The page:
Combustible Celluloid
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With: Amy Schumer, Bill Hader, Brie Larson, Colin Quinn, John Cena, Tilda Swinton, LeBron James, Randall Park, Vanessa Bayer, Ezra Miller, Mike Birbiglia, Norman Lloyd, Daniel Radcliffe, Marisa Tomei, Cliff "Method Man" Smith, Tim Meadows, Amar'e Stoudemire, Matthew Broderick, Chris Evert, Marv Albert, Tony Romo
Written by: Amy Schumer
Directed by: Judd Apatow
MPAA Rating: R for strong sexual content, nudity, language and some drug use
Running Time: 125
Date: 07/17/2015

Trainwreck (2015)

3 1/2 Stars (out of 4)

'Train' Shots

By Jeffrey M. Anderson

With Trainwreck, Amy Schumer wrote her first feature screenplay, which was then entrusted to Judd Apatow to direct; the result is, like all Apatow films, too long and quite messy. But it has that unique combination of outrageous comedy slowly and unexpectedly merging into heartfelt emotion. It may stretch the bounds of believability, but it's never phony.

Schumer stars as -- you guessed it -- "Amy," a woman whose divorced father (Colin Quinn) taught her at an early age that monogamy was not reasonable. So she has become a female gigolo, drinking voraciously and sleeping with whomever, but rarely more than once. She does have a regular beau, the earnest, musclebound health nut Steven (wrestler John Cena), but she clearly doesn't care about him. She works at a slimy magazine whose stories only go to print if they can shock or irritate. (Tilda Swinton is wonderful as the thorny editor.) She's assigned a story on a sports doctor, Aaron (Bill Hader), who has invented a revolutionary new surgery. They hit it off, but she's thrown for a loop when he wants to keep seeing her.

The movie has a huge cast, and everyone gets at least a little moment to shine. NBA star LeBron James plays himself, sort of; he's Aaron's best pal, egotistical but sensitive. (He invites Aaron to watch "Downton Abbey.") Ezra Miller is an intern at the magazine, comedian Mike Birbiglia plays Amy's brother-in-law (Schumer made an appearance in his movie Sleepwalk with Me), and the always-terrific Brie Larson is her sister. One hundred year-old Norman Lloyd plays Norman, a resident at Amy's father's rest home; Lloyd is a living bit of film history, having worked with Alfred Hitchcock, Charlie Chaplin, Jean Renoir, and many other legends. (Imagine the stories he could tell.)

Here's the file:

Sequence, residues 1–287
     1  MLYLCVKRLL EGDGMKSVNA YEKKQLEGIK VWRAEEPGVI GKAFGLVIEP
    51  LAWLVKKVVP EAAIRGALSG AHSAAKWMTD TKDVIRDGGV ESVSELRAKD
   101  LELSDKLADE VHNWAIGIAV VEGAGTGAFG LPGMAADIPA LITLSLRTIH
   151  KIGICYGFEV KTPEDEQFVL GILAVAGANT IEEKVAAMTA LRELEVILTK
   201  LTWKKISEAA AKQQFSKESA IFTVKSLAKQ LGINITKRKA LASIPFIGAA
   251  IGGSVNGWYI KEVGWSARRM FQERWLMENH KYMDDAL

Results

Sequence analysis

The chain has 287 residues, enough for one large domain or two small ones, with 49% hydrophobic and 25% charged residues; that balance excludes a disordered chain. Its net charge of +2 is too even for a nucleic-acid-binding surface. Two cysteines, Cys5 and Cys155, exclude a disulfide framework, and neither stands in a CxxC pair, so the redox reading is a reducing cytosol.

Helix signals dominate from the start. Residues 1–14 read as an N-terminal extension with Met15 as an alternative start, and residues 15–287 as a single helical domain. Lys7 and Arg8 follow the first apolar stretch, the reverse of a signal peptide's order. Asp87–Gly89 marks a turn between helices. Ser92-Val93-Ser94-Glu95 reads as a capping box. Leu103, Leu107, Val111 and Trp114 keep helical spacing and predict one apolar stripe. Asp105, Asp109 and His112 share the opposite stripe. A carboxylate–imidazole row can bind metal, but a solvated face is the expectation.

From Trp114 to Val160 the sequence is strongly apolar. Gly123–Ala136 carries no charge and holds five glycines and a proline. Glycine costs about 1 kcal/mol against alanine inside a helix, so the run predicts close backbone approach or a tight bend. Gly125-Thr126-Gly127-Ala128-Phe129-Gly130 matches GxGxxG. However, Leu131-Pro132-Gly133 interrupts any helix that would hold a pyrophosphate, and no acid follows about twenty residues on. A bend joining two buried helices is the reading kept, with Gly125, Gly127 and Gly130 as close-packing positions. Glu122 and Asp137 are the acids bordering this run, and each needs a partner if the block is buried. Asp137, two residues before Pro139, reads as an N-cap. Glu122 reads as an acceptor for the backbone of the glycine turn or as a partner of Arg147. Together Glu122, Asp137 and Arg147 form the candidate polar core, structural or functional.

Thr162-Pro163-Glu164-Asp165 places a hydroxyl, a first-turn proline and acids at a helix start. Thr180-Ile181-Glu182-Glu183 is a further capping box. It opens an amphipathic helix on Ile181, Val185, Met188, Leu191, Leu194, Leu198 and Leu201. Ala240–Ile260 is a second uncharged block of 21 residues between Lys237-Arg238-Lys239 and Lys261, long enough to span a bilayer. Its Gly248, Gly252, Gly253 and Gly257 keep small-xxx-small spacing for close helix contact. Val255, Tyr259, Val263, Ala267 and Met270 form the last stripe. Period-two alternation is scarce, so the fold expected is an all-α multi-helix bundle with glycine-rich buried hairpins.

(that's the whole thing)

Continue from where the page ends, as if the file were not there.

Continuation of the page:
Anyway, Trainwreck goes all over the place, with pratfalls, insults, vomiting, humiliation, etc., and it culminates in one of those big scenes in which one lover stages a big to-do in order to win back the heart of the other. But somehow, Schumer and Apatow keep a lifeline flowing through it all, and we're always pulling for the couple to make it. Bill Hader has to be a huge part of the movie's success; he showed the beginnings of some serious acting chops in last year's great The Skeleton Twins, and he brings them out again here. He's definitely a funny guy, but he plays the straight man here, and more or less anchors every scene around him.

But in this day and age, with decent women's roles seemingly evaporating in front of our eyes, it's Schumer who deserves most of the credit. She wrote the kind of leading role that a man might have written for himself, and has played it with fearlessness and gusto. She deals with sex and relationships in a way that's not shy or embarrassed (as in many films by men). Trainwreck or not, she deserves some applause for her work.

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